Find a full archive of all the Atari A to Z videos on the official site.

Atari A to Z Flashback: Canyon Bomber

Time after time in gaming, we’ve seen that the simplest concepts can be some of the most effective and addictive.

Atari’s Canyon Bomber, originally released to arcades in 1977, is a prime example of this. You only need one button to play, and that button drops bombs. The concept is so simple anyone — even someone not at all familiar with video games — can understand and enjoy it. Drop bombs, hit things, score points. Whoever scores most points, wins.

And one of the best things about this game when compared to some of its contemporaries is that the simplistic concept means that it was very straightforward to implement a “computer-controlled” opponent to compete against if you didn’t happen to have a friend handy. So even those of us with no friends can still enjoy this game… and end up playing it a lot longer than you might expect!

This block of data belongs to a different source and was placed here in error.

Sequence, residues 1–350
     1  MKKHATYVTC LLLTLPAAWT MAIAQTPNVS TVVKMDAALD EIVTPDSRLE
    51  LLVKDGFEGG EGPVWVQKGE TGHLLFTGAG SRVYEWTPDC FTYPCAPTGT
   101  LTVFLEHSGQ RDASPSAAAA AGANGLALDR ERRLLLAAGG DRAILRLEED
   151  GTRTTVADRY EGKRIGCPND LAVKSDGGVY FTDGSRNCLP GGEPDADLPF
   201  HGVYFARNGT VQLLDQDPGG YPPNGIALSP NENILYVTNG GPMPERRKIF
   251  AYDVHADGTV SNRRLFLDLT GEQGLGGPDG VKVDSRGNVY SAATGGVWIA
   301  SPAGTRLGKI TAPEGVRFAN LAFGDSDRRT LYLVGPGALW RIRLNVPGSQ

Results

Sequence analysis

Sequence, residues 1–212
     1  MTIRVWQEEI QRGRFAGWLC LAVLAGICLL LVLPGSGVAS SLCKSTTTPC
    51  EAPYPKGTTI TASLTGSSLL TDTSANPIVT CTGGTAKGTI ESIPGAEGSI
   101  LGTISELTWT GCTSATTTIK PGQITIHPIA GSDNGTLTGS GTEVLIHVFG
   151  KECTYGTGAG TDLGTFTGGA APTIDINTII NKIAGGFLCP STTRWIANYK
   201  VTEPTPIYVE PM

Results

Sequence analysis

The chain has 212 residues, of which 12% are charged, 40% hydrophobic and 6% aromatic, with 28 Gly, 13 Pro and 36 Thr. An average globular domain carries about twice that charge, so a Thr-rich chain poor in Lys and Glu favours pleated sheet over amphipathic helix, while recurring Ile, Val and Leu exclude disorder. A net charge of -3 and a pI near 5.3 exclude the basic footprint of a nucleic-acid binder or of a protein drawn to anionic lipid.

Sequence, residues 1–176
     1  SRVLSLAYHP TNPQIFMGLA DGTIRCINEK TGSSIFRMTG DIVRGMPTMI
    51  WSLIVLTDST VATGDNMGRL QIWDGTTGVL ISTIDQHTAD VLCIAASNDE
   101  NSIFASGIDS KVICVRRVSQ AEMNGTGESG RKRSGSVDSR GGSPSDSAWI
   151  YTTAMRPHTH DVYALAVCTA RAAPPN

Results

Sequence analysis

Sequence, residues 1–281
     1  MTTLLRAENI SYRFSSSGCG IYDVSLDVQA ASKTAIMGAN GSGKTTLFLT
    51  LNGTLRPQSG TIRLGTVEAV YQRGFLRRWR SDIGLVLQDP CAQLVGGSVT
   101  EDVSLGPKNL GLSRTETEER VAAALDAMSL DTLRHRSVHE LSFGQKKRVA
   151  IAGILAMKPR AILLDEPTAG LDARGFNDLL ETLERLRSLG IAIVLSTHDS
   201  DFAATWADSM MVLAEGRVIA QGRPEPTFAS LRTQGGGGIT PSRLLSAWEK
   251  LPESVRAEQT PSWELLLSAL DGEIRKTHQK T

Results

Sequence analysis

Find a full archive of all the Atari A to Z videos on the official site.

Atari ST A to Z: U.N. Squadron

If you thought games journalists wringing their hands over “problematic” subject matter in games was a new phenomenon… well, I got news for you, my dear reader.

U.S. Gold’s home computer conversion of Capcom’s arcade title U.N. Squadron (originally known in Japan as Area 88, after the manga it was originally based on) drew criticism from UK computer magazine ST Format in December of 1990 for being “self-righteous”, “crass” and even “propaganda”. Why? Because you shoot enemies in an obviously Middle Eastern-inspired setting — at least in the first level, anyway — and in 1990 the Gulf War had just broken out in full force.